Thanks for this info. Unfortunally I use 3d max, so I am not able to use it,
but is it just another reason to switch over to Maya..
I am very curious about the ascb image library!
Scientific and technical visualizations
Mieke Roth, Msc.
8223 CN Lelystad
From: SciArt-L Discussion List-for Natural Science Illustration-
[mailto:[log in to unmask]] On Behalf Of Jeremy Swan
Sent: zondag 13 december 2009 0:37
To: [log in to unmask]
Subject: [SCIART] Molecular Maya finally released!
I wanted to give a big thank you, to the gnsi community! I just came
back from the recent ascb meeting where I saw gael mcgill finally
release "molecular maya" the toolkit for Maya, which is free for
anyone using Maya and finally finally available! (Academic licenses
for Maya are $350, although, molecular Maya is free, it requires
Maya.) Check out http://www.molecularmovies.org and check out the
At the conference, I heard lots of great feedback about the bioviz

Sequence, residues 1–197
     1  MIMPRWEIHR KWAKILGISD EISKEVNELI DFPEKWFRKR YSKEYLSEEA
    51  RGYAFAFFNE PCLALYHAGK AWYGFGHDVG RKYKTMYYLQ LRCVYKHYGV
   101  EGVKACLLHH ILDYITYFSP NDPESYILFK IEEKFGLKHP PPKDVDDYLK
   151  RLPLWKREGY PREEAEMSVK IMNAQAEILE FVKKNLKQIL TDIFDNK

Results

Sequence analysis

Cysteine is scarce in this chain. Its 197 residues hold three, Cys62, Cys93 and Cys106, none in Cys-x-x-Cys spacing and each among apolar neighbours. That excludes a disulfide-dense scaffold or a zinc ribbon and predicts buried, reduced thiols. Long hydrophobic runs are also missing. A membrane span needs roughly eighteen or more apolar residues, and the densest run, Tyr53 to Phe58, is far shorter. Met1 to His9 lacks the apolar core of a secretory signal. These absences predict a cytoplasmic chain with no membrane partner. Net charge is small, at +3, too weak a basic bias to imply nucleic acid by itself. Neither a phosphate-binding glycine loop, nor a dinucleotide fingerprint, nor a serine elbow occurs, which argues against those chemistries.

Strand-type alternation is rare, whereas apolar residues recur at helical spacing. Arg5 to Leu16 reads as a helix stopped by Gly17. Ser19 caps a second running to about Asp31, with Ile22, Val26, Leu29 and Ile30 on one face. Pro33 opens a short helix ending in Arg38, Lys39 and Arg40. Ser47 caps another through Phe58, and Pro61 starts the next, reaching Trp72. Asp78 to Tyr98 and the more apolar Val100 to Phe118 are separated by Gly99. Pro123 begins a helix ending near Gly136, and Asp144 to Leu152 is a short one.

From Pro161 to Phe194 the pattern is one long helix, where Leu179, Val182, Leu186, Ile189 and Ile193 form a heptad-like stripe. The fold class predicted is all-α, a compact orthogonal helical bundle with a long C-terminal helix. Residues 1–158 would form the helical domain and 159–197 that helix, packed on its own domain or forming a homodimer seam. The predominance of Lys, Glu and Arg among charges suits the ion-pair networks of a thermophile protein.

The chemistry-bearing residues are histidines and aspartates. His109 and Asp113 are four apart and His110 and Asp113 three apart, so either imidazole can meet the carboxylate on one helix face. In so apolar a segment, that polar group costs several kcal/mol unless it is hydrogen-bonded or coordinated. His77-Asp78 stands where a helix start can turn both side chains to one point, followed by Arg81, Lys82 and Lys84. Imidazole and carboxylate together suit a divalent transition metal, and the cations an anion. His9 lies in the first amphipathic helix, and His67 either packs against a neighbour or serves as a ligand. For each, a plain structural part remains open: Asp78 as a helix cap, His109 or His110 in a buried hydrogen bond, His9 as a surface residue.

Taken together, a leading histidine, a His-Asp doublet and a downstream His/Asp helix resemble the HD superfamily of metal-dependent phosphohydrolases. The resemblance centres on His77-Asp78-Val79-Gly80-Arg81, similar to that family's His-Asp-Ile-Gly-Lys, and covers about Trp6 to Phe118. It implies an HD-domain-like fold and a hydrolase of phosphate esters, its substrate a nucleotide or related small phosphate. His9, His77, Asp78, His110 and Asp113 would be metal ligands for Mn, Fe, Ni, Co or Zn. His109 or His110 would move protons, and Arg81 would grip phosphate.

listserv and the broad range of participents, probably half of which,
I'm guessing, come from the gnsi listserv. So thanks for helping me
with http://bvig.nichd.NIH.gov I appreciate all the gnsi'ers around
the world that have joined and provided input. I realize this bio viz
interest group is probably outside general gnsi territory, but I think
it's relevent, and it has been influenced from the gnsi listserv and
I wanted to also fill you in on the upcoming, publicly available, ascb
image library, for cell biology images including microscopy,
animation, video, illustrations and other data relating to cell
biology, thanks to an arra grant and the blood, sweat and te It's
bound to become a great reference for the community. It's being built
on the open source "open microscopy environment", omero.
More to come...
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